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Last Updated on June 29, 2021 by The Health Master
Analysis: Judgments on RTI Act, 2005
Information sought should be clearly specified [Sec. 2(f) of the Act]
Case: In the case of S.K. Ranga vs. Container Corporation of India Ltd. (Appeal No.CIC/OK/A/2006/00260, dated 2/1/2007), the applicant had asked for inspection of all Dak registers of the Corporation from 1/1/2003 onwards, pertaining to various departments, i.e., HRD, Vigilance, MD’s office, as well as the General Dak Register.
Judgment: The CIC noted that the information asked by the appellant from the public authority was vague. The Commission held that the applicant under the RTI Act should clearly specify the information sought in terms of Section 2(f) of the RTI Act. The appellant was directed to specify the information he seeks to inspect from the records.
Provisions involved: Section 2(f) – “Information” means any material in any form, including records, documents, ……………………..law for the time being in force.
Information can be supplied only in the form available [Sec. 2(f)]
Case: In the case of Sarabjit Roy vs. Delhi Development Authority (10/01/2005-CIC, dated 25/2/2006), the applicant had sought certain information in a particular form, from the PIO of a public authority.
Judgment: The Commission held that if the information is not available in the particular form requested, it does not have to be created in the form sought by the applicant, and information under Section 2(f) includes information in any form available with a public authority and accessible. In the present case, the Commission held that the applicant may be allowed, if he desires, to inspect the original records at the office. Information specifically asked may be provided in the form of printouts and certified photocopies of original documents and records.
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Frivolous applications not to be entertained [Sec. 8 of the RTI Act
Case: In the case of S.K. Lal vs. Ministry of Railways (Appeal No. CIC/OK/A/2006/00268-272, dated 29/12/2006), the appellant had filed five applications to the railway authorities asking for “all the records” regarding the various services and categories of staff in the railways. The public authority, however, did not provide him with the information requested.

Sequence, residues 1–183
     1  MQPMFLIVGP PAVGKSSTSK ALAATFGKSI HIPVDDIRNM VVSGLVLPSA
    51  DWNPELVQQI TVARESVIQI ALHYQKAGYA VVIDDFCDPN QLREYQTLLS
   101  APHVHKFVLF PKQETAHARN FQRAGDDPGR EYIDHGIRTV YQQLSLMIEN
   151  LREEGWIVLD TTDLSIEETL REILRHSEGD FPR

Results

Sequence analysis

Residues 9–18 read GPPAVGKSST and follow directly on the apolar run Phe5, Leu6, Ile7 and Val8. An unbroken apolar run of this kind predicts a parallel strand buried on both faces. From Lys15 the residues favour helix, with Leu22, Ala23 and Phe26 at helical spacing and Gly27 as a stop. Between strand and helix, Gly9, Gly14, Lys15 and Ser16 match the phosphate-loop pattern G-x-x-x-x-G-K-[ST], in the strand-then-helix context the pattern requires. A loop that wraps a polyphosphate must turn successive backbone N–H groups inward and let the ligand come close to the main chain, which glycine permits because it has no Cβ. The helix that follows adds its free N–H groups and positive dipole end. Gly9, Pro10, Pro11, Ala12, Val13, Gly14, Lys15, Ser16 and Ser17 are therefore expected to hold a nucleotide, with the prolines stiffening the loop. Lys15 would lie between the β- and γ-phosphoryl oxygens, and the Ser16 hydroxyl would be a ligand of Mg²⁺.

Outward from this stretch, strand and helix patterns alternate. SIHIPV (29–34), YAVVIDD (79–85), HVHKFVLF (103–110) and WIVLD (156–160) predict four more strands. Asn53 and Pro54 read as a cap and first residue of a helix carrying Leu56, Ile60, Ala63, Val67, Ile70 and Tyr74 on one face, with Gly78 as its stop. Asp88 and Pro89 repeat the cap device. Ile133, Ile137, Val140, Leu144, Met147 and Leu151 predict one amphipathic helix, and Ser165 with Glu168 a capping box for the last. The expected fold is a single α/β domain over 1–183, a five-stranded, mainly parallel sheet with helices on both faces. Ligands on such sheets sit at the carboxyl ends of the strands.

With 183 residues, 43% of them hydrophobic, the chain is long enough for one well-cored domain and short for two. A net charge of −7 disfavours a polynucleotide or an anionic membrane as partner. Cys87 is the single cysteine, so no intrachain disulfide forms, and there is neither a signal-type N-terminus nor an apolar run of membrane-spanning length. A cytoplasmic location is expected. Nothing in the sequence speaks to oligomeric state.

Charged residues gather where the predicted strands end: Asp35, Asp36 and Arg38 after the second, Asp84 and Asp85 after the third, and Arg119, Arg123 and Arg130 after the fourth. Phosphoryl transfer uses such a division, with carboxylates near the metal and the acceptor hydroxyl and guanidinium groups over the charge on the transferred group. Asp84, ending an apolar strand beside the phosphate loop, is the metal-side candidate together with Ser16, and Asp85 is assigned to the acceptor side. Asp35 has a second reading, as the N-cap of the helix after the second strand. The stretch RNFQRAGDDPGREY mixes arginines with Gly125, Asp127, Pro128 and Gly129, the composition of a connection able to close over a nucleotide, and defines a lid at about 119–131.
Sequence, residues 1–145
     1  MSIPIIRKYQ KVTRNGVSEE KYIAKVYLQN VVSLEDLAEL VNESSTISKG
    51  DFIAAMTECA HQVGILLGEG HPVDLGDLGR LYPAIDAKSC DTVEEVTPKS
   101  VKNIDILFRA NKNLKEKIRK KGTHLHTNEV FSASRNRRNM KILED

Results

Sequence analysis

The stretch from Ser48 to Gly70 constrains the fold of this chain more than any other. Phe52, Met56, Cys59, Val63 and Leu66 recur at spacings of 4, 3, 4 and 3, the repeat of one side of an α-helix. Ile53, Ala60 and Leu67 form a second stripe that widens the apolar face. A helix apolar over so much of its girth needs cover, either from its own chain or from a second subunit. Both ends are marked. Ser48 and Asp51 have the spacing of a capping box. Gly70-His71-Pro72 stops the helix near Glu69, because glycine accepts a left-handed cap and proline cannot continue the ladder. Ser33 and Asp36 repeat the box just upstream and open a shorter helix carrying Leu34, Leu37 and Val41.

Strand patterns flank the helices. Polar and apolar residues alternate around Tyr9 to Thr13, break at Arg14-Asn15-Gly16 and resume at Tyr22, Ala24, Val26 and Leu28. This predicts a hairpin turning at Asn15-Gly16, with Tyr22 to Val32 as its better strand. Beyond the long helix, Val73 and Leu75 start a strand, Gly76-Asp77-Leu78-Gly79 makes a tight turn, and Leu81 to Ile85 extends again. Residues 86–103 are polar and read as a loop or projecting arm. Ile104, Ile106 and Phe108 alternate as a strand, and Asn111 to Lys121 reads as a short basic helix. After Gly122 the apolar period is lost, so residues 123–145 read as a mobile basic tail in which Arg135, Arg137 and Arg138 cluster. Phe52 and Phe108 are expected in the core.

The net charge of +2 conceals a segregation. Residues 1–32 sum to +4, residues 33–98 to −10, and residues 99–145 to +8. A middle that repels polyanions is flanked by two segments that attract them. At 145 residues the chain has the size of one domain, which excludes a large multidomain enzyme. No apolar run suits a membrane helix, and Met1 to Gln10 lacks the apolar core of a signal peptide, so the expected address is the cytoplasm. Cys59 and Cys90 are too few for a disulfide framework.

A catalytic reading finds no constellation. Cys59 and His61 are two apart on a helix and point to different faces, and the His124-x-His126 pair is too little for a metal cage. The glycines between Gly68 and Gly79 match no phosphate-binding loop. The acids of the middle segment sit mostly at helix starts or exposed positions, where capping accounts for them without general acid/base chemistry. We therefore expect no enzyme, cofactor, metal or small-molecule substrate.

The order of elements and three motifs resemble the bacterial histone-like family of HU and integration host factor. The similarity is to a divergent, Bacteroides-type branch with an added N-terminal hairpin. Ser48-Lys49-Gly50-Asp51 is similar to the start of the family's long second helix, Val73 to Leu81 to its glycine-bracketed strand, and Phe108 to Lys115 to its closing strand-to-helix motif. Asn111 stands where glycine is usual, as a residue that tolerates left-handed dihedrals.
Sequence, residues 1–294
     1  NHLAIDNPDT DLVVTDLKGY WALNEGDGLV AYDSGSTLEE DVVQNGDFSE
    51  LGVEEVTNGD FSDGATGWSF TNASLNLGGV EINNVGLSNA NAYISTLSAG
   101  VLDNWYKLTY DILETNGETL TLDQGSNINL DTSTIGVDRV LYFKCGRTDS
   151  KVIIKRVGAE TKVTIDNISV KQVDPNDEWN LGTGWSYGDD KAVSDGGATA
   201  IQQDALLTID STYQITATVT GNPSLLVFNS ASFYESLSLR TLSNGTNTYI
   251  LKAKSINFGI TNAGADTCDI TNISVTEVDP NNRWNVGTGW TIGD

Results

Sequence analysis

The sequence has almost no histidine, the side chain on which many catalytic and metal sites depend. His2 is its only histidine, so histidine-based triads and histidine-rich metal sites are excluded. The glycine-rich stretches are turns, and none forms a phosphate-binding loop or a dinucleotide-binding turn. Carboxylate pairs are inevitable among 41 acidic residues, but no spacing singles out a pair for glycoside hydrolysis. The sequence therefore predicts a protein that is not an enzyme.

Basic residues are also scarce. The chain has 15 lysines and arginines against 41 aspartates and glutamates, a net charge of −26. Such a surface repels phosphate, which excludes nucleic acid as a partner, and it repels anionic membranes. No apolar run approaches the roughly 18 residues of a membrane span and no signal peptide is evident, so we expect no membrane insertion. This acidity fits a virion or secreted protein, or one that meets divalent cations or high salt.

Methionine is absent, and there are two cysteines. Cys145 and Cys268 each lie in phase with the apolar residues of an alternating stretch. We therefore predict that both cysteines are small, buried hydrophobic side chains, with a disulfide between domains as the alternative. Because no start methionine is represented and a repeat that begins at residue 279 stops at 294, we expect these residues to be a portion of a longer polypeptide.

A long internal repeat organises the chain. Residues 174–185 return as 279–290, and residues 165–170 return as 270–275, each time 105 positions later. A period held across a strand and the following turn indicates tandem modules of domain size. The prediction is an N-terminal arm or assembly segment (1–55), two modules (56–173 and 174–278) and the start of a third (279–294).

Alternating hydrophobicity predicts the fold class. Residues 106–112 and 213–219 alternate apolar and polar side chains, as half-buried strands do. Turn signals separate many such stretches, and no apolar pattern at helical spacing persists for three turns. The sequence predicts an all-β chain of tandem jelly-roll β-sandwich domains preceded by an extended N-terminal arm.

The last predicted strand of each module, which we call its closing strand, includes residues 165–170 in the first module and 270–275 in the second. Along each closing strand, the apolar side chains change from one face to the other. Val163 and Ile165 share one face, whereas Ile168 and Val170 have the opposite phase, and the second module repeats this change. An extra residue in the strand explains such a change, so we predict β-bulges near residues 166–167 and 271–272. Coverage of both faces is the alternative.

Judgment: The Central Information Commission observed that though the RTI Act allows citizens to seek any information other than the 10 categories exempted under Section 8, it does not mean that the public authorities are required to entertain to all sorts of frivolous applications. The CIC held that asking for “all the records” regarding various services and categories of staff in the railways, “only amounts to making a mockery of the Act.” While dismissing the appeal, the CIC recorded its appreciation of the efforts made by the Railways to provide the applicant with the information sought.
Comments: It must be submitted that a PIO cannot refuse to accept an RTI application or provide information in most of the cases, and the RTI Act makes it compulsory that every public authority is duty bound to accept all RTI applications. The public authorities are also not supposed to question the applicant under the RTI Act about the reasons for filing an application and asking for particular information. Only in the rarest of rare circumstances, where it is clearly established that an applicant has filed an RTI application just to harass the public authority, an application can be termed frivolous.
Who can apply for information (Section 3)
Only persons in individual capacity can apply for information under RTI Act [Sec. 3 of the RTI Act]
Case: In the case of Inder Grover vs. Ministry of Railways (CIC/OK/A/2006/00121, dated 27/06/2006), the applicant had applied for some information to the PIO of the Railways Ministry in the capacity as the Managing Director of a company.
Judgment: The CIC interpreted Section 3 of the RTI Act to hold that persons applying for information under the Act should apply as natural and individual persons (citizens). Corporate bodies and juristic persons cannot apply for information under the Act. It was accordingly ruled that if a person applies for information to a public authority as a representative of a corporate body, then he/she is not entitled to information under the Act.
Provisions involved: Section 3 – Subject to the provisions of this Act, all citizens shall have the right to information.
Firm cannot be an applicant under the Act [Sec.3 of Act]
Case: In the case of D.C. Dhareva & Co. vs. Institute of Chartered Accountants of India (Decision No.560/IC/2007, dated 22/2/2007), a corporate body (company), had applied for information from a public authority and sought certain documents relating to a another firm which had submitted this information to the public authority as per the legal requirements of furnishing such information.
Judgment: It was held by the Commission in this case that since the appellant organisation is a corporate body and not an individual it is not eligible to seek information under Section 3 of the RTI Act.
It was also decided by the Commission that the information asked could not be supplied as it was a third-party confidential information exempted under Section 8(1)(d) of the RTI Act .
Provisions involved: Section 3 – Subject to the provisions of this Act, all citizens shall have the right to information
Disclaimer:This is the personal opinion of the writer and anyone may have a different opinion and will not attract any legal implication.